A removable disk is media that enables a user to move data between computers without having to open their computer. A removable disk is sometimes called a removable drive, removable storage, or removable media.
Examples of removable disks
- Card Reader (e.g., SD Card and Memory card reader.)
- Floppy diskettes
- CD, DVD, Blu-ray disc
- Tape drive cartridges
- USB thumb drives
Although hard drives that connect to a USB port allow you to move data between computers, they are more commonly called an external drive and not a removable disk.
Why can I not access my removable disk?
It is not uncommon to see multiple removable disks listed in on your computer. Today, these drives are usually in the form of a card reader. For example, the picture shows Removable Disk (F:), Removable Disk (G:), Removable Disk (H:), and Removable Disk (K:) are all slots in a card reader on the computer. For these to be accessible, you would need to put an SD Card in its slot.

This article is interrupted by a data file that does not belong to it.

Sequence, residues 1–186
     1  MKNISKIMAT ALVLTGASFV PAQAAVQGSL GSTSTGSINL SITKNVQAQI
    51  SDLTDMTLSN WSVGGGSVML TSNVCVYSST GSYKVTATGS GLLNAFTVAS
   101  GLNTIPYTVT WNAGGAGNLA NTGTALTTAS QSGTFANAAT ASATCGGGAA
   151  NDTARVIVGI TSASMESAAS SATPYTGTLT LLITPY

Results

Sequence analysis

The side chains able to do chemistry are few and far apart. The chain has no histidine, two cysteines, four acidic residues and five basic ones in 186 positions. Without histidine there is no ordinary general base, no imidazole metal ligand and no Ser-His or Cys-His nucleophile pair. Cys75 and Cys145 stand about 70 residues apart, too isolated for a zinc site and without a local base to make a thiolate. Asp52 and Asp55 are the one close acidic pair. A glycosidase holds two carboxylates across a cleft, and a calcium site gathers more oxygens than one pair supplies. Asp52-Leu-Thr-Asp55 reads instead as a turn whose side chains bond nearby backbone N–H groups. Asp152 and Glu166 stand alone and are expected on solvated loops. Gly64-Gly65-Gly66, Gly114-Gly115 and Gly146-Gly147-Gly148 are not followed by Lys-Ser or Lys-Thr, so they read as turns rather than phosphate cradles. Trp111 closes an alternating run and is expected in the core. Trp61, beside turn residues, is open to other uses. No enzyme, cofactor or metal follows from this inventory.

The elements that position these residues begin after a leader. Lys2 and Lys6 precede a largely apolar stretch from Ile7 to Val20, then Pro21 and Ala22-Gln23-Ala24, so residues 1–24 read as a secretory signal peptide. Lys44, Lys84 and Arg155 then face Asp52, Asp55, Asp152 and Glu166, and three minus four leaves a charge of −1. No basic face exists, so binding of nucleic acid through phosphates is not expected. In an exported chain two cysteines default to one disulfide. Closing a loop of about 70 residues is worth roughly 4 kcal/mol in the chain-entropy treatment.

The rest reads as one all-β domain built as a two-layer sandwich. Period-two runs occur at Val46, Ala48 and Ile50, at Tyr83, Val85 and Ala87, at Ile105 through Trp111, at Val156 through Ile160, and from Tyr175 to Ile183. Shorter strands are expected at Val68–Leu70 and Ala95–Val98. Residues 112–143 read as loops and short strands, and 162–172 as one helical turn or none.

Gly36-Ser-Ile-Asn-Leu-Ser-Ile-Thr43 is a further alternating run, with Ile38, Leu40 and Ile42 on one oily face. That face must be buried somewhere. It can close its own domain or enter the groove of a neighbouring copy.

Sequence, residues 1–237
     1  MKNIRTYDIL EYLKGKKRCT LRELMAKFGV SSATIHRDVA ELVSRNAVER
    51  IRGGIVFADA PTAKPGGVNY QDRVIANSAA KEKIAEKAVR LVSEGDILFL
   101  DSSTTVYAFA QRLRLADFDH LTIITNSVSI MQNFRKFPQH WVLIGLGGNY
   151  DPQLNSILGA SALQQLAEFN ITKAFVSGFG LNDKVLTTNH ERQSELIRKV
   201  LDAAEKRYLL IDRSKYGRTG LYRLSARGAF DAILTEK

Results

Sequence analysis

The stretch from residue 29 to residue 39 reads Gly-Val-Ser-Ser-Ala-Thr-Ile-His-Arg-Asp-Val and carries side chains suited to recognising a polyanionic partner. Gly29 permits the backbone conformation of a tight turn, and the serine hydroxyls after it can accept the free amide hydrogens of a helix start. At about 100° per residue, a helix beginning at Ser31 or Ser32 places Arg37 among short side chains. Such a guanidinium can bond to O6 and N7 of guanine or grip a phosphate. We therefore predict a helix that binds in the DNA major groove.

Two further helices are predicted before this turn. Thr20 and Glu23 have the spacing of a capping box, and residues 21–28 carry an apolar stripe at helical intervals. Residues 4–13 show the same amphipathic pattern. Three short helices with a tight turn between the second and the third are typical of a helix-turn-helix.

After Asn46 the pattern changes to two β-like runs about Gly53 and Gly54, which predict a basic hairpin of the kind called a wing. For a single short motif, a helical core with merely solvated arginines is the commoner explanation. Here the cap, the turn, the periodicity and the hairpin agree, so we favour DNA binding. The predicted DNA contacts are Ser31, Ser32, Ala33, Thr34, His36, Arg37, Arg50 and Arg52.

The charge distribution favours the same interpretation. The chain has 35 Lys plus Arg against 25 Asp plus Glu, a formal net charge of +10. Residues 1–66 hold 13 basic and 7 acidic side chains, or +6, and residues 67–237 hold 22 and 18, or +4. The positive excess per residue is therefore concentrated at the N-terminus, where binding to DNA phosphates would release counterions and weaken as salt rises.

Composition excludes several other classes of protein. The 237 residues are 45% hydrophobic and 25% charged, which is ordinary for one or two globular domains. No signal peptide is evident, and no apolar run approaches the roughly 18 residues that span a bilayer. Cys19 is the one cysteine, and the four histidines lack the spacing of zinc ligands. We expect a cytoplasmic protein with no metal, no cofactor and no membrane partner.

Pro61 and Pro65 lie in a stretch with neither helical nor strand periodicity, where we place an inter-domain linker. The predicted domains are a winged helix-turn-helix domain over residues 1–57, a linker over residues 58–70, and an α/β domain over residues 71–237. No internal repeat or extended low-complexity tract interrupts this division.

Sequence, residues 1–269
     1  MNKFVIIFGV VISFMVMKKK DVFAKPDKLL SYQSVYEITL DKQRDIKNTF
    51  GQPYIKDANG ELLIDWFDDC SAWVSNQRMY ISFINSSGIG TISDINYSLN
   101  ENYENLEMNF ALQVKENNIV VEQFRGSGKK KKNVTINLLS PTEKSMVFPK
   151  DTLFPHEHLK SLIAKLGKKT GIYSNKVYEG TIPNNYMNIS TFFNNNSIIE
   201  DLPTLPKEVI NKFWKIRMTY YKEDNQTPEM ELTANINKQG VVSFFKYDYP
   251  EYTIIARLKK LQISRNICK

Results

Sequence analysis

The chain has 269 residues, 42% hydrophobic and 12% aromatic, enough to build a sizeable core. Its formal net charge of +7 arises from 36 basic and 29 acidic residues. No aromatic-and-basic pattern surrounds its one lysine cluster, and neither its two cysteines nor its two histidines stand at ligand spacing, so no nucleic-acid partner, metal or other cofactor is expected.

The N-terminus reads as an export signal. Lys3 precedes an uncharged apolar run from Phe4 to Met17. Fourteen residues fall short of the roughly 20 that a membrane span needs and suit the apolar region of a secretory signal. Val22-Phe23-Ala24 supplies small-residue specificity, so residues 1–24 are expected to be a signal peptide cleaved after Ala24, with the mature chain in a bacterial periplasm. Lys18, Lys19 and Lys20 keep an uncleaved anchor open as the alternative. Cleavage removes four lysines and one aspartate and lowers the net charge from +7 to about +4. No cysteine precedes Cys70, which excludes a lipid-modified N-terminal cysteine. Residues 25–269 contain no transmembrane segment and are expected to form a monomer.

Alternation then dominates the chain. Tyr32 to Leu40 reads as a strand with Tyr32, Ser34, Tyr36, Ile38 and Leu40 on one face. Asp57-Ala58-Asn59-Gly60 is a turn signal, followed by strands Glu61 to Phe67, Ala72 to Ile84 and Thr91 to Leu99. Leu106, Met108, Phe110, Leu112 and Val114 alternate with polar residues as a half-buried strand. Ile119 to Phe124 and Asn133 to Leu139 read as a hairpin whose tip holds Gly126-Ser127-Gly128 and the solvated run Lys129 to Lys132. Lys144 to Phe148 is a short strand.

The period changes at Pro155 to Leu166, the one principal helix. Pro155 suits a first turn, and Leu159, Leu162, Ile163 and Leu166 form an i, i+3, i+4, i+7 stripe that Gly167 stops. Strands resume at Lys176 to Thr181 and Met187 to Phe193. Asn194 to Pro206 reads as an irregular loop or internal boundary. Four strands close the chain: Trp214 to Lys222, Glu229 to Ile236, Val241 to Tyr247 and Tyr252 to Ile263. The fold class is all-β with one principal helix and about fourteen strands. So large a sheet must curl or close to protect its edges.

Removable media used during boot
Removable media can also be used as a boot drive when the computer is not working, you need to troubleshoot, or you want to use a different operating system. However, having a removable disk or drive in the computer during boot is one method some viruses can infect the computer. If the removable media is bootable and infected, a computer may attempt to boot from it and infect the computer. If you have a removable disk (e.g., floppy disk or USB thumb drive) not being using as a boot device, leave it disconnected or out of the computer during boot. If it's used frequently, make sure in the boot options it's the last boot device.
Floppy drive terms, Local disk, Removable hard drive, Tape drive terms